Home Secretary Priti Patel – who signed the deal with Rwanda to take on asylum seekers – announced the move this evening (Monday). It comes after she travelled to Kigali, the African nation’s capital, to seal the agreement last month.
The first flights are expected to take place in the coming months, the Home Office said.
It added that it expected there to be legal claims lodged against it to attempt to stop the migrants’ removal from the UK.
The Home Office noted that the Government “has the power to detain individuals pending their removal from the UK”.
The controversial Rwanda agreement is already said to be facing a number of legal challenges over its lawfulness, with several pre-action letters being sent to the Government department.
Campaigners have drawn attention to Rwanda’s record on human rights, fearing that the migrants who are sent there may face fresh dangers after escaping those in their homeland.
A Government assessment of the scheme’s adherence to the European Convention on Human Rights, released today, found that there were no “substantial grounds” to believe relocated migrants “would face a real risk of being subjected to treatment” contrary to their rights as asylum seekers.
The Government struck the deal as part of its response to a wave of asylum seekers making the perilous English Channel crossing to seek refuge in the UK.
The initial agreement included the provisions for 4,000 migrants to be sent to Rwanda, in exchange for an initial funding package of £120million.
Prime Minister Boris Johnson has previously said as many as tens of thousands of asylum seekers could end up being sent to the central African country.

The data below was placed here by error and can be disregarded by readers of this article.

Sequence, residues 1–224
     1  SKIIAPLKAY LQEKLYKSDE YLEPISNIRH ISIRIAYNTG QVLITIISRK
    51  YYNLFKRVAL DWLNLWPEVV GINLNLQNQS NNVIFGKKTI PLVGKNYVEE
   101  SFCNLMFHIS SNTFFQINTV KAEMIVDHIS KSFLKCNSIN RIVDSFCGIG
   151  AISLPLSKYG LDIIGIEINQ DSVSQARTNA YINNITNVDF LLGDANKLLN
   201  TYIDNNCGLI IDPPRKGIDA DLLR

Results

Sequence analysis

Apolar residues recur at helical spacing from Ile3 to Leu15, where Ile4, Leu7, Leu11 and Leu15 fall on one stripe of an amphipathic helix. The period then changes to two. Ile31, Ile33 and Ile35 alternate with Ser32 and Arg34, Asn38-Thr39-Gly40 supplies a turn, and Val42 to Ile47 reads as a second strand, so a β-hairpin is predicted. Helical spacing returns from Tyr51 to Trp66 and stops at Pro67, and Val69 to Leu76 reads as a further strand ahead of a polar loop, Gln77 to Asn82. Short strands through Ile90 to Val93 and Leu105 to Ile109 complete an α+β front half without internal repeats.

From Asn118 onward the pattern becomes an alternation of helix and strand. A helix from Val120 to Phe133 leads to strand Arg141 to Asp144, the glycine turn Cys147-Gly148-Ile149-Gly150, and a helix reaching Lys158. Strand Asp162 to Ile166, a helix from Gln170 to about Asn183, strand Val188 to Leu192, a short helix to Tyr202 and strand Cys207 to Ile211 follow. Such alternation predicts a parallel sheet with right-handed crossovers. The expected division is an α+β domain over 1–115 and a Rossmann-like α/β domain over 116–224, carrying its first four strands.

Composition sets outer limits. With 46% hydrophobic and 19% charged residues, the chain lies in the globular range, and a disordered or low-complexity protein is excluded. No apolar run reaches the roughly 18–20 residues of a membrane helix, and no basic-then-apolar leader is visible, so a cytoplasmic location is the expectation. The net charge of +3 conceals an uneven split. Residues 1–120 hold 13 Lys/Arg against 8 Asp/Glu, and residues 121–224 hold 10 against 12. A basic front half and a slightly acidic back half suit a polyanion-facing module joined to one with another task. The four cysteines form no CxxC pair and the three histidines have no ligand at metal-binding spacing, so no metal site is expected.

Today, Ms Patel said: “Britain’s asylum system is broken as criminals exploit and smuggle people into our country at huge costs to UK taxpayers.
“The world-leading migration partnership with Rwanda means those making dangerous, unnecessary and illegal journeys to the UK may be relocated to Rwanda to have their claims for asylum considered and to rebuild their lives there, helping break the people smugglers’ business model and prevent loss of life.
“This is just the first stage of the process and we know it will take time as some will seek to frustrate the process and delay removals.
“I will not be deterred from acting to deliver on the changes the British people voted for to take back control of our money, laws and borders.”
At least 7,739 people have arrived in the UK after crossing the Channel this year so far, according to PA news agency analysis of Government figures – more than three times the number who arrived in the same period last year.
Signing the deal in April, Ms Patel explained the Government’s thinking behind the plan. She said: “Evil people smugglers and their criminal gangs are facilitating people into Europe, resulting in loss of life and huge costs to the UK taxpayer.
“The tragic loss of life of people in the Channel and in the Mediterranean at the hands of these evil smugglers must stop.”
She added: “Our approach as two outward-looking countries has led to the signing of a new international partnership – which is a world first.
“It is a migration and economic development partnership with the country of Rwanda and UK.”
More to follow…